CdM gets to know Japanese culture

CORONA DEL MAR — Everybody inside the Corona del Mar High School gym rose as the National Anthem was played on Friday.

But when the Japanese foreign exchange students started to sing John Denver's "Take Me Home," the hundreds of American middle school students there fell relatively silent — some of them not really familiar with the song.

Then Katy Perry's "California Gurls" started playing on the big screen at the front of the gym, and that's when there was a noticeable stir of familiarity as some of the 400-plus students from Corona del Mar Middle School started to sing along.

Welcome to the world of foreign exchange, where cultures not only come together, but occasionally overlap. Japanese students flashed peace signs from the Vietnam era while some Corona del Mar students bowed in respect.

And the meeting of the students from the two different cultures was made possible by the Newport Beach Sister Assn. in conjunction with the Newport-Balboa Rotary Club.

Virtually every year since 1984, a half dozen students from Corona del Mar and Ensign middle schools board jets and cross the great Pacific Ocean during the summer to visit the town of Okazaki, Japan, one of Newport Beach's sister cities.

Then, in the fall, there's the ol' switcheroo, with Japanese students visiting Newport Beach.

The purpose of Friday morning's rally was to introduce the present-day American middle schoolers to the concept of the foreign exchange program.

The Japanese students performed a variety of cultural dances and songs while the middle school's cheerleading squad showed off their talents as well.

But if you really want to know whether a trip to Japan would be worth it, just listen to what Jenna Funsten said about her experience in Okazaki two years ago as a Corona del Mar Middle School student.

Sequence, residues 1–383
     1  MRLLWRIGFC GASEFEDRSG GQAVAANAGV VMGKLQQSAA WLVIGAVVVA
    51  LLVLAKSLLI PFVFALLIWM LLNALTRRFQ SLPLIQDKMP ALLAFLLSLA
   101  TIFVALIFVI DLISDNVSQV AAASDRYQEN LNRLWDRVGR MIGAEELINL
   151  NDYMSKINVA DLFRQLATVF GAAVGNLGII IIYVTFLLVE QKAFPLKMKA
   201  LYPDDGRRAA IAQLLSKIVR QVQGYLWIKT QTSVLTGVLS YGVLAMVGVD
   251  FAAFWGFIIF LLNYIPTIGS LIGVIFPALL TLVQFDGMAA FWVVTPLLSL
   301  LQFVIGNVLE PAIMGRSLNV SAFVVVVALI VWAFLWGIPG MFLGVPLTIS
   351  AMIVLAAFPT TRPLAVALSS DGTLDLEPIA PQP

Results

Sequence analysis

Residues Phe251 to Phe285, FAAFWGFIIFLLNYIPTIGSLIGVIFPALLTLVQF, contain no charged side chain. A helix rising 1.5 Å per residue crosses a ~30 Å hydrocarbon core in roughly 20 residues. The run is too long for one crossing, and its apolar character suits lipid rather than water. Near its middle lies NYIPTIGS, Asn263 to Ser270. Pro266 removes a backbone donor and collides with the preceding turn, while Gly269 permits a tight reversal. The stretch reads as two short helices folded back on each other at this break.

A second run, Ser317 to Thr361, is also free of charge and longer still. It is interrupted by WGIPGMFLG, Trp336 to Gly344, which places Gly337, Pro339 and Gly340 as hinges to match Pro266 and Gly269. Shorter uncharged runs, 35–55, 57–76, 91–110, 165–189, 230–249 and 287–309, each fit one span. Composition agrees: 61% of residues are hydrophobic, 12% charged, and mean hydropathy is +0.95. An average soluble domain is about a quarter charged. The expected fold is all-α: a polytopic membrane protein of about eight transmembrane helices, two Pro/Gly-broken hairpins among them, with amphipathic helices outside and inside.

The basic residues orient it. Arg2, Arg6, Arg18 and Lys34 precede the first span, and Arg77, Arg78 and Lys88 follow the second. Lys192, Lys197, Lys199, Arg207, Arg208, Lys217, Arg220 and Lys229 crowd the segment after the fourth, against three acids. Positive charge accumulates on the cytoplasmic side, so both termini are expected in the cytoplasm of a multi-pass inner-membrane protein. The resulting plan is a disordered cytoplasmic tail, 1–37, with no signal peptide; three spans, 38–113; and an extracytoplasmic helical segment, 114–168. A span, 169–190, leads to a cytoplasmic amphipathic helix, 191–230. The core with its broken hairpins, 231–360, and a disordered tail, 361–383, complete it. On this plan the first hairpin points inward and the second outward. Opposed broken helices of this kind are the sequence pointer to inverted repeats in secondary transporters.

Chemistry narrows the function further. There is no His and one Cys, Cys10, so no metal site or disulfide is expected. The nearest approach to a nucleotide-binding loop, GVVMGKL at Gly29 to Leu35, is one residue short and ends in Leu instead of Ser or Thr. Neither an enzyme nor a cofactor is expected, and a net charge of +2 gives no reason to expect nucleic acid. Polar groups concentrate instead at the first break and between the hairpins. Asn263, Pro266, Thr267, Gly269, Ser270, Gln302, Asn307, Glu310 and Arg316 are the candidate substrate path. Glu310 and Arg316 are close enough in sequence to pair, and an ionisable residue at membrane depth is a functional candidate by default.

Now a sophomore, she addressed the crowd in the gym's stands, saying, "It sounds really scary and it kind of was, but when you get there, you feel like a rock star. You should go."

Or you might heed the words of Teddy Parks, also a sophomore at the Corona del Mar High School.

"It was a really great experience," he said. "You should all try to go to Japan. Just try to wrap your head around the concept. It was crazy."

Okazaki is in the region of Chubu, and it's got roughly 360,000 residents, and the car manufacturing industry is big. The Japanese city sits close to a pair of bays on the Pacific Ocean, not much different from Newport Beach, although a few more miles farther from the ocean.

Dory Ford, a parent and chaperone for the visiting Japanese families, visited Japan under the program and loved the experience.

"It's a great experience for the kids," she said inside the gym. "They come back with a completely different view of the world."

Guy Olguin, principal for the CdM Middle School, concurred.

"It's a fabulous program," he said.

Those who participated in the program were Yoshiko Karasawa, 54, vice principal of Atago Elementary School; Naoya Ando, 49, an elementary school vice principal; and students Yoshiyuki Sugiura, 15, Eimi Ando, 15,Tomoya Koketsu, 14, Wakana Endo, 14, Koyuki Baba, 14, and Yuki Osaki, 15.

Those from Corona del Mar and Ensign Middle Schools included Campbell Woods, Bayley Davidson, Teddy Parks, Jenna Funsten, Victoria Lewis and Delaney McCardle.

The Newport Beach Sister City Assn. is a nonprofit, volunteer organization that endeavors to promote international communication, understanding, education and friendship between the people of Newport Beach and the people of foreign cities.

In 1956, President Eisenhower initiated the "People to People Program" as a conduit for "Greater International Understanding" through "direct, close and abiding communication between cities." Today, more than 900 U.S. cities have established affiliations with cities worldwide. California leads the country with 188 sister cities, according to Laura Boss, spokeswoman for the Newport-Mesa Unified School District.

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